What I like about Guild Wars 2 is that they have incorporated some single player RPG mechanics in terms of your character development. Similar to Dragon Age: Origins, each of your characters will have their first chain of personal storyline missions dedicated to your character's background. With each of the five races having three separate backgrounds that gives 15 unique ways the story unravels. Eventually you'll also have a choice to join one of three orders which also offer different quests.

Yes, yes. It's your typical fantasy plot where the dragons are trying to take over the world but overall, I think Guild Wars 2 has put a lot more effort than its competitors except for maybe Star Wars: The Old Republic (but I haven't actually played it so I'm basing this off what I've heard). Definitely more than a traditional MMORPG.

Gameplay (3/5)
First off, for those fans of Guild Wars expecting Guild Wars 2 to have pretty much the same gameplay as the original, you'd be wrong. The formula has been totally revamped and one of the biggest changes is that the game is no longer 90% instanced. Like before, storyline missions are instanced but just about everything else is now a persistent world. The only thing that has stayed the same is the fact you don't need to pay a subscription fee to pay (hooray!).

"The game seems a lot less strategic and you'll spend most of your time just spamming the number keys like there's no tomorrow."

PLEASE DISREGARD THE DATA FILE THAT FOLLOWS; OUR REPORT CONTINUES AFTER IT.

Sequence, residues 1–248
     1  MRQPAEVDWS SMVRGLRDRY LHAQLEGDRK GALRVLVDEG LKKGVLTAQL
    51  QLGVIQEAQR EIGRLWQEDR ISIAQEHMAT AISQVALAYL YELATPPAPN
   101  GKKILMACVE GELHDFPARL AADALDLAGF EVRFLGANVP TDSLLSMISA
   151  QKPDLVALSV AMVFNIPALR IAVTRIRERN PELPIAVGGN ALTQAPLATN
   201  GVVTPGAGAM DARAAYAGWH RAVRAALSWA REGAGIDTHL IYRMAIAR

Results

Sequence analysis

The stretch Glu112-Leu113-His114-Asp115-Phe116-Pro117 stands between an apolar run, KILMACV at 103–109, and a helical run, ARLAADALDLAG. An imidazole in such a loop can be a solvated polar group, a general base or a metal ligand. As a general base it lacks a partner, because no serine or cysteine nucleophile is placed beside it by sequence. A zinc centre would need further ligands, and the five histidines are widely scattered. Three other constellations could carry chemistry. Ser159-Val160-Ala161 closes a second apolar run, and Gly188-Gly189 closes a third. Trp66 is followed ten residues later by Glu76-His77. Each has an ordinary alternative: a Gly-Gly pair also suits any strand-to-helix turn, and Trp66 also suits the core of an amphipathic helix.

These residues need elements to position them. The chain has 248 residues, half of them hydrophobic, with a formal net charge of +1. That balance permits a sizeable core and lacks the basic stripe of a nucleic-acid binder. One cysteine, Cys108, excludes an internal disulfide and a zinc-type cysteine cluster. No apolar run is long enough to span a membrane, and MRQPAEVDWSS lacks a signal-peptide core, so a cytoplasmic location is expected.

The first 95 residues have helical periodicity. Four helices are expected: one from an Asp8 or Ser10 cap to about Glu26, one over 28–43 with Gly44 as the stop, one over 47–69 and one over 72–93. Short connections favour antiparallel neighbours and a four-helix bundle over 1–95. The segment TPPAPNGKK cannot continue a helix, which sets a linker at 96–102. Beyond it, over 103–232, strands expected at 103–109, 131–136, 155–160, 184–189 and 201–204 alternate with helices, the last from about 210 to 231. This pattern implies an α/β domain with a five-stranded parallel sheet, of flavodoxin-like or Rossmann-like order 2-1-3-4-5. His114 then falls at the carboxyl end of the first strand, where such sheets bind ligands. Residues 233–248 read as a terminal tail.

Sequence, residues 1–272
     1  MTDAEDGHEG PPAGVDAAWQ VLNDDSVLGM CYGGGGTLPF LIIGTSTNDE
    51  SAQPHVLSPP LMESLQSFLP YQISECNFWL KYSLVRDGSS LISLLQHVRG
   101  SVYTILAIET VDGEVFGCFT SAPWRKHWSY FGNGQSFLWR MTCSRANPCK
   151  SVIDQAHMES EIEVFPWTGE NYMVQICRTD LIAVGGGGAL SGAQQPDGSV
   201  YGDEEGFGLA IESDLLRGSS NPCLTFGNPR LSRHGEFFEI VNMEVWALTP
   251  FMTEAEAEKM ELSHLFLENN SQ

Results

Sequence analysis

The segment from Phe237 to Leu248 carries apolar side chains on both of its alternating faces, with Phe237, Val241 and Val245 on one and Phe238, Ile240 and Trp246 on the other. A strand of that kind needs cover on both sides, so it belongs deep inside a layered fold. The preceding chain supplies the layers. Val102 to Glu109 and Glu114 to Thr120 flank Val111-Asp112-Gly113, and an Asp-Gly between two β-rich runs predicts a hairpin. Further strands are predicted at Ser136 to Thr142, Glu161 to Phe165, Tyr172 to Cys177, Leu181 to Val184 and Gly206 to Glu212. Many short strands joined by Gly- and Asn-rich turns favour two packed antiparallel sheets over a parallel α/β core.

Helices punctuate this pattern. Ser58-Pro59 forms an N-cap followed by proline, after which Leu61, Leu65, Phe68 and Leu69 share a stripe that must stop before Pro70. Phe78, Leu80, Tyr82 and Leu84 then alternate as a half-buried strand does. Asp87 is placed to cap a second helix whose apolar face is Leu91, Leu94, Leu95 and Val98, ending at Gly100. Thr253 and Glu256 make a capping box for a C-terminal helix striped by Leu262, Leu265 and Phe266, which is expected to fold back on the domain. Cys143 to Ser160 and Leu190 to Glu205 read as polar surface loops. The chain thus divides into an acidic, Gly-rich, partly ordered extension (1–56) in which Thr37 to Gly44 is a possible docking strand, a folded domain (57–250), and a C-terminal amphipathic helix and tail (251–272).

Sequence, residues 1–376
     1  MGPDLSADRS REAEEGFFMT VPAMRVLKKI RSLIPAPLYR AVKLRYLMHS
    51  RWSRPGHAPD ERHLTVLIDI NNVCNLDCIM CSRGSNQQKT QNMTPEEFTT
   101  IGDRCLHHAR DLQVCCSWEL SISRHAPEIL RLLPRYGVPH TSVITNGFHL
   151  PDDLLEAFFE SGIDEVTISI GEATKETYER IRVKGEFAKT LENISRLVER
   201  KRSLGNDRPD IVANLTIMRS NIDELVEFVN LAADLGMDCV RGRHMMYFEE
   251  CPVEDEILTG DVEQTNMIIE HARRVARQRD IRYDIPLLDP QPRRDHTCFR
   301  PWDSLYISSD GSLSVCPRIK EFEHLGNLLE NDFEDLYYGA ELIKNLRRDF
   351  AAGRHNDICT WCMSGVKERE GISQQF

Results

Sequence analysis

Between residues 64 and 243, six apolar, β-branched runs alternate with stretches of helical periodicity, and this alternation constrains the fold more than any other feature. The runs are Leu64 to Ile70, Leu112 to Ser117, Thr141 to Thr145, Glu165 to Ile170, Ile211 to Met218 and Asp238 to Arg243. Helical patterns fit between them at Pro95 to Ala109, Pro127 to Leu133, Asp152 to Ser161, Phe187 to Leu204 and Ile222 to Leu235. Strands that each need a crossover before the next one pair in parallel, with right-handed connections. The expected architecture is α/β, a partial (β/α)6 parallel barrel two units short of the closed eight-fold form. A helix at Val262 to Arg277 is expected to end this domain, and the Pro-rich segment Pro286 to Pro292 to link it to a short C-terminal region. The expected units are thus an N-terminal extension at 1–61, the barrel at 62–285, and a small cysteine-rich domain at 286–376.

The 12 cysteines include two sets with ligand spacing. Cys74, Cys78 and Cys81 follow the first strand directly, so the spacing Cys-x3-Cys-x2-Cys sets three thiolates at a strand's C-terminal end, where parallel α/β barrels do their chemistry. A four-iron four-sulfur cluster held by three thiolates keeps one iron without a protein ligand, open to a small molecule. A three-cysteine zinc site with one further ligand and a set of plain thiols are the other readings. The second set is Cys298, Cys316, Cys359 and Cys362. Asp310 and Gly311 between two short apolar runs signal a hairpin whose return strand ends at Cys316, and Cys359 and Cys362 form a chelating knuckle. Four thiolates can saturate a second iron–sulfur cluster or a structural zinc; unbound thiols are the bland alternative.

Guild Wars 2 has decided to eschew the typical quest system that traditional MMORPGs have and have instead allowed several ways for you to gather experience points in PvE including but not limited to: renown quests, map exploration, crafting and dynamic events. I won't go into map exploration since that's pretty self-explanatory and neither will I go into crafting since a lot of games have crafting but dynamic events is a relatively new concept to the traditional MMORPG. Basically you can be wondering around in the wilderness when an event triggers that requires you to kill a certain foe or escort an NPC or help gather ingredients to make an apple pie. Successful completion of some dynamic events will even unlock meta-events, i.e. events within events – so you end up doing a chain of events. Success or failure with some events may also result to changes in the world, e.g. failure to defend a town from marauding baddies will result in the town being occupied by them. While there are plenty of haters for this concept, there's also plenty it appeals to – especially those who don't like the traditional quest system you find in RPGs. Although, for those that do prefer traditional quests, the renown quests are probably the closest you'll get to them. It doesn't take much to realise that the renown quests are not that much different from the "Go kill X rats" type of quests you would normally find in traditional MMORPGs (read "grind") but thankfully GW2 goes about them a different way and usually offers multiple ways to build renown with an NPC – some having pretty funny ones like being transformed into a pig to hunt for truffles!